British warships could be given minds of their own with new AI assistants
Computer ‘assistants’ with a ‘mind’ will support sea captains when controlling Britain’s warships, according to the head of the Royal Navy.
Admiral Sir Philip Jones, First Sea Lord, said the planned new Type 31e frigates - due to enter service in the 2020s - would come complete with app-based tools able to access the ship’s data. They would use touch-screen displays and voice-controlled systems, in a similar vein to Apple’s Siri ‘intelligent personal assistant’.
In the longer term, he said, the Navy will continue working on the development of artificial intelligence (AI). One recent exercise featured UK forces’ first ‘AI hackathon’.
“This is not a gimmick or a fad. As modern warfare becomes ever faster, and ever more data-driven, our greatest asset will be the ability to cut through the deluge of information to think and act decisively,” said Admiral Jones.
“Under Project Nelson, the Royal Navy aims to develop a ship’s ‘mind’ at the centre of our warships and headquarters to enable rapid decision-making in complex, fast-moving operations.”
Admiral Jones was speaking on the first day of the biennial Defence and Security Equipment International (DSEI) event, the world’s biggest - and for some, most controversial - arms fair, held in the cavernous ExCel Centre in London’s Docklands.
On display was a vast array of state-of-the-art military equipment, from tanks and armoured personnel carriers through fighter jets and high-speed inflatables, to sniper rifles and high-tech protective clothing.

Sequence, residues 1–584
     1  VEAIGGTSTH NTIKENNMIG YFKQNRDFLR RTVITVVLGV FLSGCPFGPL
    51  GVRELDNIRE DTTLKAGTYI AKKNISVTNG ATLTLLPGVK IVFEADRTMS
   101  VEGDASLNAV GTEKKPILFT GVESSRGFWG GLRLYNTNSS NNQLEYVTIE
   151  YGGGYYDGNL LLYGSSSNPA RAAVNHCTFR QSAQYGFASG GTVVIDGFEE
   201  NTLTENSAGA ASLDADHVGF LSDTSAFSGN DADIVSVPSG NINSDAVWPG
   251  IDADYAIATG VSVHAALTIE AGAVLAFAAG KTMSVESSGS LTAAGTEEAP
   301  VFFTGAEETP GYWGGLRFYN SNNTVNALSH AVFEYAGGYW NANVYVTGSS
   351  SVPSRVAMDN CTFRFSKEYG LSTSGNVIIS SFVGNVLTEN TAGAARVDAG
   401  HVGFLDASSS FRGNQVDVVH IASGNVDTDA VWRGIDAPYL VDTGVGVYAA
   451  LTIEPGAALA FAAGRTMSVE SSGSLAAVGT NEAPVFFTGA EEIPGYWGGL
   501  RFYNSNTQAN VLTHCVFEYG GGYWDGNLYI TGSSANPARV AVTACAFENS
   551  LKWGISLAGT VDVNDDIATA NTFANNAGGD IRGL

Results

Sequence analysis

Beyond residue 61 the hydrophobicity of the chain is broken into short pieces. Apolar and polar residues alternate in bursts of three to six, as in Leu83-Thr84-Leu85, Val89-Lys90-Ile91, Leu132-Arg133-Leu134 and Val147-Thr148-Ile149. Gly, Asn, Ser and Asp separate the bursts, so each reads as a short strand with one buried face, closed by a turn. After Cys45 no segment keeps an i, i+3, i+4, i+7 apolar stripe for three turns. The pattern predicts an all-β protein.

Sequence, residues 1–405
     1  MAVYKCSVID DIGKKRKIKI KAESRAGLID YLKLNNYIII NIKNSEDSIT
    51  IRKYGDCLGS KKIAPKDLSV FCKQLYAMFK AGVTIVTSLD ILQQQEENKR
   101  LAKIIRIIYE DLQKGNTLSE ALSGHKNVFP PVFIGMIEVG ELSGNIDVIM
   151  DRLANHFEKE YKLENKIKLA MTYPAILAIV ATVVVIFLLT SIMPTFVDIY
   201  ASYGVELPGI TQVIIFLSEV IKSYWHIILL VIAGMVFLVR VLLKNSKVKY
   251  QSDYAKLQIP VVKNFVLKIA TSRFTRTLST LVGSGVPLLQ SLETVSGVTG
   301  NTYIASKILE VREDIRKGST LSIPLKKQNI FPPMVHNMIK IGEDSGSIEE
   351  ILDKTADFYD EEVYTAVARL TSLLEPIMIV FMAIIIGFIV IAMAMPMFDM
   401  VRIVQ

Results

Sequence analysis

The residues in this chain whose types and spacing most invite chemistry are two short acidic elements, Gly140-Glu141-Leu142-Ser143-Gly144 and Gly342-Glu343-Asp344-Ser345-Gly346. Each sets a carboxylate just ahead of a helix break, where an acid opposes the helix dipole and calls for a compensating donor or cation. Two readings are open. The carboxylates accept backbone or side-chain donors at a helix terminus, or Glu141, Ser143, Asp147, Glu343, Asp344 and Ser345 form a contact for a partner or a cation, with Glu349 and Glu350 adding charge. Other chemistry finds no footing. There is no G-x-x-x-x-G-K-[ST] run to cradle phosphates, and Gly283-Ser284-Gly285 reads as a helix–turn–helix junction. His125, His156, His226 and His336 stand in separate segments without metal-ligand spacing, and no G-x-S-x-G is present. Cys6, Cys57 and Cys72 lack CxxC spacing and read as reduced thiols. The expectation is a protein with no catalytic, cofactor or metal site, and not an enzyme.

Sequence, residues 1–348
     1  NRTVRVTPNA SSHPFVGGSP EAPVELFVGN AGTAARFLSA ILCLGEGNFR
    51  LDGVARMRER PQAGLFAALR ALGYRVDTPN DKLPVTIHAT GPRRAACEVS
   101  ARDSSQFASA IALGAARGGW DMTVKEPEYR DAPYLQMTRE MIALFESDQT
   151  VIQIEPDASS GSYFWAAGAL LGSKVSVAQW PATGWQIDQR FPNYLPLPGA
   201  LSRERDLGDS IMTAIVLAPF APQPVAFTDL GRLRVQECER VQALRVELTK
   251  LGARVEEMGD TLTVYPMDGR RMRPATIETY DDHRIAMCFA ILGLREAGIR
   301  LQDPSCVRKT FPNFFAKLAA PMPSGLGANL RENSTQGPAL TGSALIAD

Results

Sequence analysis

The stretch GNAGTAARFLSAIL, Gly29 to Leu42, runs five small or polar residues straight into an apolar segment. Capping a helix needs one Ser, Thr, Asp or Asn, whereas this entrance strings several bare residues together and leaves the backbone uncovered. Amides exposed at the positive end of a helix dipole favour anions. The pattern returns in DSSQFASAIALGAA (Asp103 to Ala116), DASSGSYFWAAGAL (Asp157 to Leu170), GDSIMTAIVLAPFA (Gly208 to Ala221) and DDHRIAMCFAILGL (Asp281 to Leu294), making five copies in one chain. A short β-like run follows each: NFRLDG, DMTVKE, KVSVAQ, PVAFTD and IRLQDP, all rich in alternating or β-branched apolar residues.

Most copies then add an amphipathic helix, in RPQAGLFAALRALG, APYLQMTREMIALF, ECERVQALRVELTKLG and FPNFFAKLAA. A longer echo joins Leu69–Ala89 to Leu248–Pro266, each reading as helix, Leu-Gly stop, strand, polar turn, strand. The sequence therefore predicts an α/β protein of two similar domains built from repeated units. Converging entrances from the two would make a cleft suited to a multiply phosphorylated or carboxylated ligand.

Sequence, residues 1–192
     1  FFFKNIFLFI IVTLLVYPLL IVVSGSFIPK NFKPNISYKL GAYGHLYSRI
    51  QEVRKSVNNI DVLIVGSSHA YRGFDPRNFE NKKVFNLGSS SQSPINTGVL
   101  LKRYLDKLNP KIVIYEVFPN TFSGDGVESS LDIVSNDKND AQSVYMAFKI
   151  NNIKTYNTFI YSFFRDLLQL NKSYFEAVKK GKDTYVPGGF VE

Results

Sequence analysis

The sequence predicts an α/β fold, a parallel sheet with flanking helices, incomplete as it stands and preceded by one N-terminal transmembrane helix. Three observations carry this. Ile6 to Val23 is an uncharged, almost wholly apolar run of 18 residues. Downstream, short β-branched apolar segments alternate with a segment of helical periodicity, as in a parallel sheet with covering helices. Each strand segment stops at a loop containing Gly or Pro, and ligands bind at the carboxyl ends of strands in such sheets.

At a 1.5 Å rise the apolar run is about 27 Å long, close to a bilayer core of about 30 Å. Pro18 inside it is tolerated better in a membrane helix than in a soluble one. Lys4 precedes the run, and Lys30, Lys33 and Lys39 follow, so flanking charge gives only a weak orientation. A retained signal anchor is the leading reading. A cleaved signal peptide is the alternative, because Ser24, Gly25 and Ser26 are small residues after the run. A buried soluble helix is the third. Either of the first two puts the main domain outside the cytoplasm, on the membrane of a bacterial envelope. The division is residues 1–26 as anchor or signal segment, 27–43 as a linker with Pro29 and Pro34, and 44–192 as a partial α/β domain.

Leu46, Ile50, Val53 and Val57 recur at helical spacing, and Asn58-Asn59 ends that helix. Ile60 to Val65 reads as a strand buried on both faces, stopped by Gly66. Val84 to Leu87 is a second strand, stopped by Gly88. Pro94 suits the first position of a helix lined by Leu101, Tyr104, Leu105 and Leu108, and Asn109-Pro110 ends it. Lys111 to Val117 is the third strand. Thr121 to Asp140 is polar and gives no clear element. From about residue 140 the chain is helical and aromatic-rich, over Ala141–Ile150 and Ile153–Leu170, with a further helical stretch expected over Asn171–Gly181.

Organisers said it was the biggest DSEI to date, with 1,600 exhibitors displaying their wares and 42 national pavilions.
In his opening address, International Trade Secretary Liam Fox emphasised the importance of the defence industry to the UK economy, with an annual turnover of £35bn last year.
The Department for International Trade’s stand featured a Bowler off-road rapid intervention vehicle (RIV) complete with machine gun, a light artillery gun and an inflatable rescue launch as well as a series of unmanned aerial drones.
“We are clear that the success of this industry is the United Kingdom’s success and that our position as a global leader in defence and security exports is something that should be celebrated,” Dr Fox said.
However, such an overwhelming display of military hardware provoked a different reaction from arms control campaigners demanding Britain halts sales to “repressive” overseas regimes blamed for human rights abuses.
Andrew Smith of the Campaign Against Arms Trade said: “It is shameful that the government is welcoming despots and dictatorships to the UK to buy weapons.
“The weapons being promoted at DSEI are deadly and could be used to fuel war and conflict for years to come. If the government cares for human rights and democracy then it’s time to end its support for arms fairs like DSEI.”
The Royal Navy has recently been upgrading its fleet with the latest technology in order to stay competitive. It installed a ground-breaking radar system on the HMS Queen Elizabeth in late 2015 that is capable of detecting objects as small as a tennis ball travelling at triple the speed of sound over 25km away.